smoothy8500

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As for other options, I've used both Gunkote and Norrell's Moly Resin over the years and Norrell's is a much better product than Gunkote. The original gray and black formulas are better than the other newer colors though. Gunkote has more solvent requiring additional spray coats and I find is less durable in the long run. Norrell's will work as a lower-cost substitute for Cerakote, but not as many color choices.
 
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GH41

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I also like Molyresin but to be honest if you don't have the the equipment to properly clean, media blast, spray and cook you will be better off having a professional Cerakote it. IMO nothing in a rattle can is of much value.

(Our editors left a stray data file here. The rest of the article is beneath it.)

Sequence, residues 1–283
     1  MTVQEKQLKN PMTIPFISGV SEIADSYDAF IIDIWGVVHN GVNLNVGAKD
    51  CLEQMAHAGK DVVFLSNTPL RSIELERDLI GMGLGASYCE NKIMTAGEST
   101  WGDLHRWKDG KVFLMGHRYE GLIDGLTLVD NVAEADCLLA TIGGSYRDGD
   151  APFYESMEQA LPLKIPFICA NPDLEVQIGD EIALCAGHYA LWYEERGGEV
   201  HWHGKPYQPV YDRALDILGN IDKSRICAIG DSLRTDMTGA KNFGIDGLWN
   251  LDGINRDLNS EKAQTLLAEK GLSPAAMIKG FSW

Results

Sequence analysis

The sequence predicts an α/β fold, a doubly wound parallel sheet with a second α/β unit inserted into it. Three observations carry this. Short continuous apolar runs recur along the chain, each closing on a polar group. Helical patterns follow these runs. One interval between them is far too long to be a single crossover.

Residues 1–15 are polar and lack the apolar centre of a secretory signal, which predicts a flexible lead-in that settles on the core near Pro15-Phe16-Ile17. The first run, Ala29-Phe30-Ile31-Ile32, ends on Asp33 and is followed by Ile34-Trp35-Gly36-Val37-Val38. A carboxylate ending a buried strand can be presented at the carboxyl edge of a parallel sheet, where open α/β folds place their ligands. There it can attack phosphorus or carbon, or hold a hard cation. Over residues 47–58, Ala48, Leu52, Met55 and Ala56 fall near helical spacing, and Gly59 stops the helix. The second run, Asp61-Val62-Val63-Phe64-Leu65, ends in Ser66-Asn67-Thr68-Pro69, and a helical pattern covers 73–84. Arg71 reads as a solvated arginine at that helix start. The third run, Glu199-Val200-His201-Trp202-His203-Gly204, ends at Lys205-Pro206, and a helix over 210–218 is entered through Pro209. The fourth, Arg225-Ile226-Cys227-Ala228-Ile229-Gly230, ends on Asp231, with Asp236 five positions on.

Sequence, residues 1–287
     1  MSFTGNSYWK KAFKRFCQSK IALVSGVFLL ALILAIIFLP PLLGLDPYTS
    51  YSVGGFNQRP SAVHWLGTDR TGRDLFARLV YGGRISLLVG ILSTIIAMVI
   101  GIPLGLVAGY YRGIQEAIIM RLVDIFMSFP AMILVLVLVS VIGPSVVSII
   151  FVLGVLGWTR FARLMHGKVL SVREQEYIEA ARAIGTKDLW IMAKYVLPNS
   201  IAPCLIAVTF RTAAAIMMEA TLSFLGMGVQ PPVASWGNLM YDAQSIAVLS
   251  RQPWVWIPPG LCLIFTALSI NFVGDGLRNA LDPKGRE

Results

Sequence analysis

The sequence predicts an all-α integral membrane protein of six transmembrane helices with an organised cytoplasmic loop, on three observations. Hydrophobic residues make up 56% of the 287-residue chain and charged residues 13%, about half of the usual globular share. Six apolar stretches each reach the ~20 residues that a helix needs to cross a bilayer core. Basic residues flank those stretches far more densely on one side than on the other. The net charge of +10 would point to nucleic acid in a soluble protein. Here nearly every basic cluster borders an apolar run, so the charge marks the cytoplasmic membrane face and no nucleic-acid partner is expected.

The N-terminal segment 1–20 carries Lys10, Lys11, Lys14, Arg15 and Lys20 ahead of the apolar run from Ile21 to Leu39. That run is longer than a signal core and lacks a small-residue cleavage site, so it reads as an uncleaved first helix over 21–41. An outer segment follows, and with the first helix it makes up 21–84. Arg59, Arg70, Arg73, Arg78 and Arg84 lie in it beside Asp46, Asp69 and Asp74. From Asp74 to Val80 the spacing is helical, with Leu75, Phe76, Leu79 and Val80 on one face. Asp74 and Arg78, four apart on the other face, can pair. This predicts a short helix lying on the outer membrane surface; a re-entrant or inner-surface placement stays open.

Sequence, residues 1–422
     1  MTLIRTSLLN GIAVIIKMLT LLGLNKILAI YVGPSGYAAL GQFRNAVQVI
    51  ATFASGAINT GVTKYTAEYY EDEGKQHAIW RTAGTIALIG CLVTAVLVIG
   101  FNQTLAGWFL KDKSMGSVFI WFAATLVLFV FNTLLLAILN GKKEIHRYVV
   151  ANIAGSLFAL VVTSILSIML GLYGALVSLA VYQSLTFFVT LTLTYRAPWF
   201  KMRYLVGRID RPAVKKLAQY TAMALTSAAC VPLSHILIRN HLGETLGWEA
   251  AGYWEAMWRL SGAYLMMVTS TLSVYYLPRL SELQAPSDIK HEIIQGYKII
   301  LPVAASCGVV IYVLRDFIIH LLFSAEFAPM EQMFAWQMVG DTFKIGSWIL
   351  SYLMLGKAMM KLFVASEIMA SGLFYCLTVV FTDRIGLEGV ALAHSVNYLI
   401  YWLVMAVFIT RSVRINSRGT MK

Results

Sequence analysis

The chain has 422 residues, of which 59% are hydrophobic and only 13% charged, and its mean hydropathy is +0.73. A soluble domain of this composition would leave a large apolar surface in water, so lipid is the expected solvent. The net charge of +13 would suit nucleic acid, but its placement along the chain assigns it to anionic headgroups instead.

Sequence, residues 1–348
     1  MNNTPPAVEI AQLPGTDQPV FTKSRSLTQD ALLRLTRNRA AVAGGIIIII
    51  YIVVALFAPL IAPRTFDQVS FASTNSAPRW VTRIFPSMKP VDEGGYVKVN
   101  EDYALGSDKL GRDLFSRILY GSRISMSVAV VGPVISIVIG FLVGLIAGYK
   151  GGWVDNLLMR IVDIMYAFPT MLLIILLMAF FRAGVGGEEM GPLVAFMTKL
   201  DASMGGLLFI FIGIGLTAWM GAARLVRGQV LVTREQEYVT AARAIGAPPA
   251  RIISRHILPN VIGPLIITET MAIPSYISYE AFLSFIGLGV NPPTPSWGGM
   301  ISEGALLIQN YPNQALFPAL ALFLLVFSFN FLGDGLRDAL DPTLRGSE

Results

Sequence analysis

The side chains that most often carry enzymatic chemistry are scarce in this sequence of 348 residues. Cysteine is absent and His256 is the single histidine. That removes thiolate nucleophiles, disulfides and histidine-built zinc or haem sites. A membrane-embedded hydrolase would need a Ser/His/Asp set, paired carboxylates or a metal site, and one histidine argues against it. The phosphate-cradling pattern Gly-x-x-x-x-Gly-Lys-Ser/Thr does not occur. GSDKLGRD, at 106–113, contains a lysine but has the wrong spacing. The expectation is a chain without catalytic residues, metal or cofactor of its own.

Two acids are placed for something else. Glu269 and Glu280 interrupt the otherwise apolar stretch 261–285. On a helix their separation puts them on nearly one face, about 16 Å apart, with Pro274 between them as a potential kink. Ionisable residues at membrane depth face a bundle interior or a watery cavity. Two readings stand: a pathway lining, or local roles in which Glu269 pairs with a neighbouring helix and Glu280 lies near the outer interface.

Bully

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As for other options, I've used both Gunkote and Norrell's Moly Resin over the years and Norrell's is a much better product than Gunkote. The original gray and black formulas are better than the other newer colors though. Gunkote has more solvent requiring additional spray coats and I find is less durable in the long run. Norrell's will work as a lower-cost substitute for Cerakote, but not as many color choices.
I also like Molyresin but to be honest if you don't have the the equipment to properly clean, media blast, spray and cook you will be better off having a professional Cerakote it. IMO nothing in a rattle can is of much value.